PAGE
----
Locally sourced produce is a key feature of retirement communities, with more growing their own fruit, vegetables and herbs.

More than half the vegetables and salads used in dishes at the Greenhouse, the restaurant at Rangeford's Wadswick Green retirement village in Wiltshire, are grown in the village's vegetable garden. Seasonality and sustainability top the menu for Leon Sheppard, head chef at the Greenhouse, who arrived from the five-star Methuen Arms hotel in Corsham two years ago. Sheppard works with Wadswick Green's head gardener to ensure the best ingredients go into his marinated broad bean barley salad and sautéed black cabbage.

"We have poured a lot of effort into creating variety for the menu," he says. "Drawing on fresh local ingredients proudly source from our own vegetable patch."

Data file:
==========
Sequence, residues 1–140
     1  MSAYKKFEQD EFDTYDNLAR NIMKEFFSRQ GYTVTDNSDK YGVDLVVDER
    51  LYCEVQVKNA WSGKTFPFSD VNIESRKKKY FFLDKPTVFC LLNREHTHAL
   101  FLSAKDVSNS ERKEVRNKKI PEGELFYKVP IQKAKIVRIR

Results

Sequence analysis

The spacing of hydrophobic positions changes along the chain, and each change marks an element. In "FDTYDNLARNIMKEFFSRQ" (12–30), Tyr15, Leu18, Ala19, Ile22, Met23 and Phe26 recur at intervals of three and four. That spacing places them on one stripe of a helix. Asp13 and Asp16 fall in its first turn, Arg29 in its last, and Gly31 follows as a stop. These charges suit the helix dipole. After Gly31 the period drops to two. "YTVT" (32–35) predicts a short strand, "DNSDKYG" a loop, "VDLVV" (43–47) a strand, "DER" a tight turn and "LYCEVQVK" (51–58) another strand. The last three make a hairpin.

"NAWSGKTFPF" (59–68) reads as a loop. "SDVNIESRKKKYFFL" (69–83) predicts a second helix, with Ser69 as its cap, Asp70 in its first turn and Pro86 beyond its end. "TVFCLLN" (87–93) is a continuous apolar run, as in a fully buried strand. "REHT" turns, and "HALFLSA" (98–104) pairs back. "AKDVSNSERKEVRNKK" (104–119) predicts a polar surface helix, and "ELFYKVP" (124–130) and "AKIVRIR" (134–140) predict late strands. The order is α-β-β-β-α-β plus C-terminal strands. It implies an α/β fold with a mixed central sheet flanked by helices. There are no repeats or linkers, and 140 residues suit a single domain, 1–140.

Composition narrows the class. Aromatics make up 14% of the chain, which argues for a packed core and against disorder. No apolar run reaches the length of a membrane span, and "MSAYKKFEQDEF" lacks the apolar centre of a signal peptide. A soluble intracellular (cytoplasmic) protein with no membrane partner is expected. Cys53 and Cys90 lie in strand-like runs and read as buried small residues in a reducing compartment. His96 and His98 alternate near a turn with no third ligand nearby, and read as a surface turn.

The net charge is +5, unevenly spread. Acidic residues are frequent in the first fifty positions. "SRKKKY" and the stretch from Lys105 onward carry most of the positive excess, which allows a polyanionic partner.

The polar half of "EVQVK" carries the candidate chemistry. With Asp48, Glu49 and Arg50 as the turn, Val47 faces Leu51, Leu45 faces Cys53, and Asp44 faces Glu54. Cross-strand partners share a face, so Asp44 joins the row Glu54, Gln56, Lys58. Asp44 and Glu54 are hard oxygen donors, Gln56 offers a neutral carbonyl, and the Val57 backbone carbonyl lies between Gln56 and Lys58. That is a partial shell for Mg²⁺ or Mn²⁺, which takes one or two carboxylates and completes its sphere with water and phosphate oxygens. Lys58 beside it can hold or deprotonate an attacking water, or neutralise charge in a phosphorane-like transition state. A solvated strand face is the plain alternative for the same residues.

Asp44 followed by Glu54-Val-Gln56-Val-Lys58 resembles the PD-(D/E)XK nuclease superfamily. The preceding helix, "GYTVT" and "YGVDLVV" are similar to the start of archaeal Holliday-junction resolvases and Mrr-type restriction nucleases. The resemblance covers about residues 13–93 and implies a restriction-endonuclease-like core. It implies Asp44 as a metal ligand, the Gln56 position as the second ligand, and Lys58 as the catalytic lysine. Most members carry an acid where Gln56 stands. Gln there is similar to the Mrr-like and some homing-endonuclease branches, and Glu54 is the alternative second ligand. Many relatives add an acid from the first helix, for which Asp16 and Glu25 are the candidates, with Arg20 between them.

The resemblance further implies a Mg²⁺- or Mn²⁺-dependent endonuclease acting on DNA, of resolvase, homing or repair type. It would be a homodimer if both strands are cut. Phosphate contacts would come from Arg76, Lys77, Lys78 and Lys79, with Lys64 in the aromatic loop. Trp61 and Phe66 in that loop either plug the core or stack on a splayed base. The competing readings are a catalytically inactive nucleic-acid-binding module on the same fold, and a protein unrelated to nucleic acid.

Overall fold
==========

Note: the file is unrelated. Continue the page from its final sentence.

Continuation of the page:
LifeCare Residences in Grove Place, Hampshire, has devoted part of its 27-acre grounds to a garden growing seasonal and organic produce. And like many retirement communities, it has introduced beehives to increase biodiversity. Some 10,000 bees have been busy making honey that can be enjoyed in the restaurant and is available for homeowners to buy.

At LifeCare's London community in Battersea Place the executive head chef Frederic Scieux, who used to work for Albert Roux (one of the first chefs in London to win three Michelin stars), delights homeowners with a menu of international, modern and classical dishes. 

By providing state-of-the-art kitchens and equipment, retirement communities are able to attract high-calibre kitchen staff - vital if developments are to attract discerning buyers. Dominic Ash, the head chef at Inspired Villages' Gifford Lea in Chester, says that the company's kitchens are on a par with those at Marcus Wareing restaurants and Gordon Ramsay's Pétrus in London, where he used to work. "I was astounded at how professional the kitchen was at Gifford Lea - and so well equipped," he says. "It means I can cook food I have served in AA-rosette restaurants."